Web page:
^^ I find some of your skepticism and charges a little annoying. Not because you question . But you make accusations. Forgive me. But if you have qualifications in electrical engineering that make you question the accuracy of the design parameters in the article, I would like to know what those qualifications are ?
Actually I don't think you even read the article
because , several of your questions were answered in it. If so, maybe you should read it again, slower this time.
He specifically stated that he would keep the theory to a minimum to shorten the article. He also stated that the topic could very well consume a catalog. As well he acknowledged that the topic of lighting a space is subjective .
The design parameters as stated in the article are guidelines based on commonly accepted standards and the writers opinion . There are not hard and fast rules.
Obviously there is a lot of leeway between 50 and 100 footcandles. If 50 or 30 works for you, fine.
Its interesting that several skeptical commenters followed his design parameters and gave the article high marks and were surprised at the difference it made in their shops. Over 50 comments. Most if not all
As a side-note: Typically where several banks of lights are needed in a larger shop,banks are independantly switched, so only needed banks are used.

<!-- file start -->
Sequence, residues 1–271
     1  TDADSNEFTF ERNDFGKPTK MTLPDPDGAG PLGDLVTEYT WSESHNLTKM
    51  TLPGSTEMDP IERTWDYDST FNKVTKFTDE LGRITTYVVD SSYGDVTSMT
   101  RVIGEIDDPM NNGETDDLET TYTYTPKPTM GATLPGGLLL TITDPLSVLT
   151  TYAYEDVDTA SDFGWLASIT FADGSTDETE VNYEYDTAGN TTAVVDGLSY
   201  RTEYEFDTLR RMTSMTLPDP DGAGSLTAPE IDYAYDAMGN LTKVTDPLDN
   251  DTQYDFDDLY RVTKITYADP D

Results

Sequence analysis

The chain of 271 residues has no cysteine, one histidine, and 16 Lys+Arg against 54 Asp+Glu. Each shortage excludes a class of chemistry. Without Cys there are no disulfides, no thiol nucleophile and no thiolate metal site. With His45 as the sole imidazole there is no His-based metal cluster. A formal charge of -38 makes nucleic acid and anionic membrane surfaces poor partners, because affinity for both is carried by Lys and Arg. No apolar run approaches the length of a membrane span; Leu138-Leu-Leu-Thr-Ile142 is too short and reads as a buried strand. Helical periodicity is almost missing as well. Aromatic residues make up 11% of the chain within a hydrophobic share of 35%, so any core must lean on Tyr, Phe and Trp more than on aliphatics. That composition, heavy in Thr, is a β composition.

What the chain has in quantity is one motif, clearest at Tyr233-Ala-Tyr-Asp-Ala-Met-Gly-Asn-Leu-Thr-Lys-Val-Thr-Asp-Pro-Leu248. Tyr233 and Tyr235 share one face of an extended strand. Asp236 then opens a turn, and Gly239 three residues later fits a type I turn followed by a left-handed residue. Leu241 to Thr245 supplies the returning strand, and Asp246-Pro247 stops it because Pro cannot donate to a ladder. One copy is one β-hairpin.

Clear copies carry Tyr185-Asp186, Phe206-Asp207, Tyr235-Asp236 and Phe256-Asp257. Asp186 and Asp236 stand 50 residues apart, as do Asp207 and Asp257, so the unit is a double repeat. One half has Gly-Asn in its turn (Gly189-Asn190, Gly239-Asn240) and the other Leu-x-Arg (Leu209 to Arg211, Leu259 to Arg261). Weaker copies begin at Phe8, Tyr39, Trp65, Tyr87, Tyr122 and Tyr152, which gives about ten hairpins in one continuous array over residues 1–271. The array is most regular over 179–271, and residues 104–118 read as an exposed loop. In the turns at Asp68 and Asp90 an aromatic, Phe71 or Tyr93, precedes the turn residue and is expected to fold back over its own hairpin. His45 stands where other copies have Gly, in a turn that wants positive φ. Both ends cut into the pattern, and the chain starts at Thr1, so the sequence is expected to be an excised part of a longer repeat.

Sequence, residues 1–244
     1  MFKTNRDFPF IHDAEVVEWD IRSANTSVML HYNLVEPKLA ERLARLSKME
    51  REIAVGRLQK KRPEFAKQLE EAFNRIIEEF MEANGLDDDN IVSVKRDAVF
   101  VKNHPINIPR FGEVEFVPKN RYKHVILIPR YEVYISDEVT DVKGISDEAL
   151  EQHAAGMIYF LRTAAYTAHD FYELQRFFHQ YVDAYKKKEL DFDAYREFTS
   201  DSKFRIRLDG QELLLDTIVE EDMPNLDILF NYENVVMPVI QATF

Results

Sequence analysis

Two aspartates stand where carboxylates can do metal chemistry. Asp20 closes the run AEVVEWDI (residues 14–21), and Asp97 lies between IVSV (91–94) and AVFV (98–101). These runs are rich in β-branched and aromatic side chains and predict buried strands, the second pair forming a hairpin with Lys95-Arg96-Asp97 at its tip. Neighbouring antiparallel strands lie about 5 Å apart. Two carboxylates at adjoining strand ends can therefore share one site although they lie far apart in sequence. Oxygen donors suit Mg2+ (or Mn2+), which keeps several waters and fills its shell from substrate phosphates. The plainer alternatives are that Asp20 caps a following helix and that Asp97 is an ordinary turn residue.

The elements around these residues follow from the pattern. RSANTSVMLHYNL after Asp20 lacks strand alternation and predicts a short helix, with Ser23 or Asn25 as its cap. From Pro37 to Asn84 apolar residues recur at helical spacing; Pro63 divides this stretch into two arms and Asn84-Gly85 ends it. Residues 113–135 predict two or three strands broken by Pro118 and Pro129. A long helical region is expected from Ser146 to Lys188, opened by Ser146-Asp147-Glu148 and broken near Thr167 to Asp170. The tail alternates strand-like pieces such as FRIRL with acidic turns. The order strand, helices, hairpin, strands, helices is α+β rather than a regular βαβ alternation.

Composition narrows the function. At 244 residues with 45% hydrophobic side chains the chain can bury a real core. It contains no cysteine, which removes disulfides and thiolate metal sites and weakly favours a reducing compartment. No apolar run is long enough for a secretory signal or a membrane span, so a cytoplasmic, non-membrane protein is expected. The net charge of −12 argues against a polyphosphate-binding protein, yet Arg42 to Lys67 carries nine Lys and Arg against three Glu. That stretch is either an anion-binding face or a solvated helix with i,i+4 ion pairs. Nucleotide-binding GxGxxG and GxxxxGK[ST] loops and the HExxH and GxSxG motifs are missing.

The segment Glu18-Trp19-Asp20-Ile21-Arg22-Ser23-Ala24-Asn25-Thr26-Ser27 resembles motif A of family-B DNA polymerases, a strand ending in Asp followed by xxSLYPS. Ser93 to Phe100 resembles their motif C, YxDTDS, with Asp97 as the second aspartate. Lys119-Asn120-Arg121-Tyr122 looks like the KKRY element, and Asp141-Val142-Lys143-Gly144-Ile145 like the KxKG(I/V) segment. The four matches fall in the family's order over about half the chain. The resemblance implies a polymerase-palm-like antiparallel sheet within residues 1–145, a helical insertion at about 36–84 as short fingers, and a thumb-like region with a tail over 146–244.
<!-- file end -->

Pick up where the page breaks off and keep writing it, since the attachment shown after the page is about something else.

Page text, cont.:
Sorry to get side-tracked. The article is a great reference and I highly recommend it .
For anyone interested ,below is a statement and the qualifications of the author .
"Dave Anderson, a Moderator of the forum, asked that I include my qualifications to write the article so here goes."
"I retired as a Senior Engineer from a major west coast electric utility where I specialized in lighting for over 25 years. My main responsibilities were providing assistance to commercial and industrial customers on lighting, training company personnel, and evaluating new lighting equipment. "
"I taught evening classes in lighting design at a couple of community colleges and a course in Illumination Engineering at a state university, and wrote “Applied Illumination Engineering” which was used as a text for those classes."
"I also wrote a monthly column on lighting for Electrical Contractor magazine, and have authored and presented numerous technical papers on lighting to IEEE, IESNA, and AEE. "
"I’ve served as an advisor to the California Energy Commission on the development of the lighting portion of their energy code and as a charter member of their Advance Lighting Professional Advisory Group."
"I am a Fellow of the Illuminating Engineering Society of North America and have served as President of that organization."